Creole is New Orleans city food. Communities were created by the people who wanted to stay and not go back to Spain or France. – Paul Prudhomme
|I would LOVE to live close to a Gumbo Shop... Photo: abakedcreation, Flickr ccl|
I heard the stupidest thing on TV this last weekend. A chef was telling the world to rinse the mucilage (goo/ropiness) from their thawed frozen okra before frying it.
It’s things like the above that make one doubt a lot of what these chefs tell us.
|This is the size to cut your okra. Photo: snickclunk, Flickr ccl|
Why is that stupid you may ask? Well, it’s because that (don’t EVER rinse it off) ropiness is the thickening agent in making gumbo. It is one of three potential thickeners, the other two being roux and filé powder.
But the primary reason for using okra in the first place is to thicken. It’s good, but not particularly delicious. I wouldn't seek it out on its own, shall we say...
Gumbo is a pretty easy thing to throw together. Sometimes the rice is cooked in the broth and sometimes not. If not, the gumbo is served over it in bowls.
It’s an interesting meal as well as it combines flavours from very diverse cultures including French, Spanish, natives, African slaves and others. If there ever was a “melting pot” dish in an actual pot this is it. Okra is a very traditional African ingredient to cite the origin of just one gumbo component.
When the weather turns cold it’s good to have something a little spicy to eat. It helps the warmth get into your bones.
I hope you like this recipe. Gumbo always "hits the spot."
Louisiana Shrimp Gumbo
Prep: 10 min | Cook: 20 min | Serves 4
|Photo: simplerich, Flickr ccl|
1 lb shrimp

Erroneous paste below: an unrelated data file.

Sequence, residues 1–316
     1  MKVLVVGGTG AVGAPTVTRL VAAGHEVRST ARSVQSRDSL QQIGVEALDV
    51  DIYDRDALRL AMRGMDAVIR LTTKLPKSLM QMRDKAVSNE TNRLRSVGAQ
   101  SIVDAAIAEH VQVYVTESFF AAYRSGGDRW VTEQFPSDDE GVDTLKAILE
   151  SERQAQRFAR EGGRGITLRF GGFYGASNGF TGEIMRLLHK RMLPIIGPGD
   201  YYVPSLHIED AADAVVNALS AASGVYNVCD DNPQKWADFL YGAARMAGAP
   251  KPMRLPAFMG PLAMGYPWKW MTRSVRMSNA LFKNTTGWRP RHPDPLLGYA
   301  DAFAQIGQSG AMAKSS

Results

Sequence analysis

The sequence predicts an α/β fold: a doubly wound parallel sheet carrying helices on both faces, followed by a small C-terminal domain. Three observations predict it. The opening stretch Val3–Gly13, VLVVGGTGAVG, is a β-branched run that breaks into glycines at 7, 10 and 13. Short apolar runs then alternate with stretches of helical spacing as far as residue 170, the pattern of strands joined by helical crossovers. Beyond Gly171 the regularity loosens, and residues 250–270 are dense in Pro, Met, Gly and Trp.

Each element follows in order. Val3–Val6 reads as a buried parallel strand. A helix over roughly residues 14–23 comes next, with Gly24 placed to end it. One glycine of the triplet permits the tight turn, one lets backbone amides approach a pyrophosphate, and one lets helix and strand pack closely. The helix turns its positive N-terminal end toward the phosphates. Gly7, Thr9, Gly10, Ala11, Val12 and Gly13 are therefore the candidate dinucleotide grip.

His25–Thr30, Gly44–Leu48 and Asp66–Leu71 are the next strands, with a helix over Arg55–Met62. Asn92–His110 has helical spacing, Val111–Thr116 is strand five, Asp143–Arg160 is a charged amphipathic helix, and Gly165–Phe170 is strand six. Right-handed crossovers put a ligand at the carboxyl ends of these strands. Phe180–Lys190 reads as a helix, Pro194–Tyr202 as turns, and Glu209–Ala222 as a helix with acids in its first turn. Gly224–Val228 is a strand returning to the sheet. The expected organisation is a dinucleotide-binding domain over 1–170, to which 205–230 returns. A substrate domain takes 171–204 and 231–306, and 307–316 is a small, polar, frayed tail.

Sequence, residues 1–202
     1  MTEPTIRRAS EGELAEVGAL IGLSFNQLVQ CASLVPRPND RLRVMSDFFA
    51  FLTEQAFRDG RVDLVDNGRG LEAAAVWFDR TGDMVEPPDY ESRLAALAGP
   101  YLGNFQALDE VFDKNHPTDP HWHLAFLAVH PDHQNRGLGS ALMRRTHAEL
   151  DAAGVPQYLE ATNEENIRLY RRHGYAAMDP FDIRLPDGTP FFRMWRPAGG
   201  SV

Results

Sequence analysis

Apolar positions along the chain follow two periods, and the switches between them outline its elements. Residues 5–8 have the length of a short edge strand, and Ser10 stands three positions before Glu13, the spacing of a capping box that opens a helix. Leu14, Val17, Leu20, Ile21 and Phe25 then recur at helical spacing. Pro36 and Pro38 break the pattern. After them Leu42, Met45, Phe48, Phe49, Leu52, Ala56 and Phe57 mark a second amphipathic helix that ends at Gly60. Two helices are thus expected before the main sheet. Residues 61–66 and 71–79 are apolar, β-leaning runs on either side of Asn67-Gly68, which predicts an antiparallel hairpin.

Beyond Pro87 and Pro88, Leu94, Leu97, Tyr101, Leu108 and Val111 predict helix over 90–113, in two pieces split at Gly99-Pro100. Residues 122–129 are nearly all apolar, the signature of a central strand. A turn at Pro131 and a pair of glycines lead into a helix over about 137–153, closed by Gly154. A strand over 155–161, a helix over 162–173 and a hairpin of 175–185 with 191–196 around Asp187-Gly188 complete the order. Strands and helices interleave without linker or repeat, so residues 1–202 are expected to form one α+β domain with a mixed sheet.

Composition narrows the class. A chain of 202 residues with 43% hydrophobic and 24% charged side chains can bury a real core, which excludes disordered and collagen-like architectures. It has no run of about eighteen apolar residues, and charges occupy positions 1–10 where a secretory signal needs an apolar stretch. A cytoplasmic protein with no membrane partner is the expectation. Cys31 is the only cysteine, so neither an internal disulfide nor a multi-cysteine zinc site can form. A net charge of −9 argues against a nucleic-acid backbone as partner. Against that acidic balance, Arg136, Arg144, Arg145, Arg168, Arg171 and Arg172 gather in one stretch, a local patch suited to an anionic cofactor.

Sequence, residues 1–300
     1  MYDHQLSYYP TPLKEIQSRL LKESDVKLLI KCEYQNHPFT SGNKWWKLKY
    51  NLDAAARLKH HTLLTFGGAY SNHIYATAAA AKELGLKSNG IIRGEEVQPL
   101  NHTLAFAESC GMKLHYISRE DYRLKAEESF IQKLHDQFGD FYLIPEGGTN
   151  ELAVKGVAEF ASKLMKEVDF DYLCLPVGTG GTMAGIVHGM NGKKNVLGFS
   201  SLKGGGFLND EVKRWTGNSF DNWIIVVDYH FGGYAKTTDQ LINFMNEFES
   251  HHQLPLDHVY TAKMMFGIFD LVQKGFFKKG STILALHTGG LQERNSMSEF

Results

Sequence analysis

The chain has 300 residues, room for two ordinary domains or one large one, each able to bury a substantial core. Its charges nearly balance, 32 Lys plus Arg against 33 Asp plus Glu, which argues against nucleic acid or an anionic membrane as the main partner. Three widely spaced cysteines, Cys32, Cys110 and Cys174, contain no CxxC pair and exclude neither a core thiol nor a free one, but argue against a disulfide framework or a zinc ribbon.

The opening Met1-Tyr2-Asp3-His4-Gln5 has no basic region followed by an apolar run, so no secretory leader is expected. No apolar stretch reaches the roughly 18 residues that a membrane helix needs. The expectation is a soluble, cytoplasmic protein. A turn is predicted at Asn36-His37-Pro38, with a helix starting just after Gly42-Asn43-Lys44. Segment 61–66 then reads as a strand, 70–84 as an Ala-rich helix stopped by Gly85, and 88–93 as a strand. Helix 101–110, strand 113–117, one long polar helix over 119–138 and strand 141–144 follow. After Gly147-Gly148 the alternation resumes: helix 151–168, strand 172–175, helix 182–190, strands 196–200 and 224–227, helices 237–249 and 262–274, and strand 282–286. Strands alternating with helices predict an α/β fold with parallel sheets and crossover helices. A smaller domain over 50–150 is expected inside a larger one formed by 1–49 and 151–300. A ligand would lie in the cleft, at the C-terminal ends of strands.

3/4 lb sausage (dried andouille or another fresh spicy sausage)
1 tbsp vegetable oil
1/2 tbsp butter
1 medium onion, chopped
1/2 cup celery, diced
4 cloves garlic
1/2 lb okra, sliced
1 green pepper
1 large can whole tomatoes, and their liquid
spice mix below (use some or all of it)
cooked long grain rice for 4
3 tsp paprika (smoked if you have it)
1 tsp cumin
1 tsp cayenne pepper
1 tsp cracked black pepper
1 tsp salt
3/4 tsp dried rosemary
3/4 tsp dried thyme
|Not everyone has access to Andouille sausage. If you don't you can|
substitute a spicy sausage in its place. Andouille is usually cured, but Pete's
Frootique in Halifax serves store-made fresh. Photo: Shawnzrossi, Flickr ccl
Heat the oil and butter in a large sauté pan or soup pot.
Begin cooking the rice in a separate pot. It usually takes about 25 minutes. (5 to bring water to a boil, 15 to simmer and 5 to sit.)
Fry the sausage in the oil until browned, about 5 minutes. Remove, let cool and slice into bite-sized pieces.
Clean the shrimp while you’re doing the next step and set aside in a different bowl than the sausage. They get added at different times.
Add the onion, garlic, celery and okra. Fry until the onion has softened and the okra is “ropey.” The ropiness is what thickens your gumbo liquid. Do not rinse or otherwise try to get rid of it.
If you’re using frozen okra it will probably be ropey before frying. That’s OK, and perfectly normal. See my rant above…
Add the green pepper and continue to cook for about 2 minutes. Then add the tomatoes and break them up with a spatula. Stir in the spice mixture.
Bring to a simmer and let cook for 5 minutes. Then add in the sausage. Let cook for 5 more and then add the shrimp. Only cook the shrimp until they become opaque – about 3-5 minutes.
Taste for salt. You can adjust any of the seasonings you wish at this point as well.
Serve immediately on top of hot cooked rice.
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Questions? Comments? Derogatory remarks?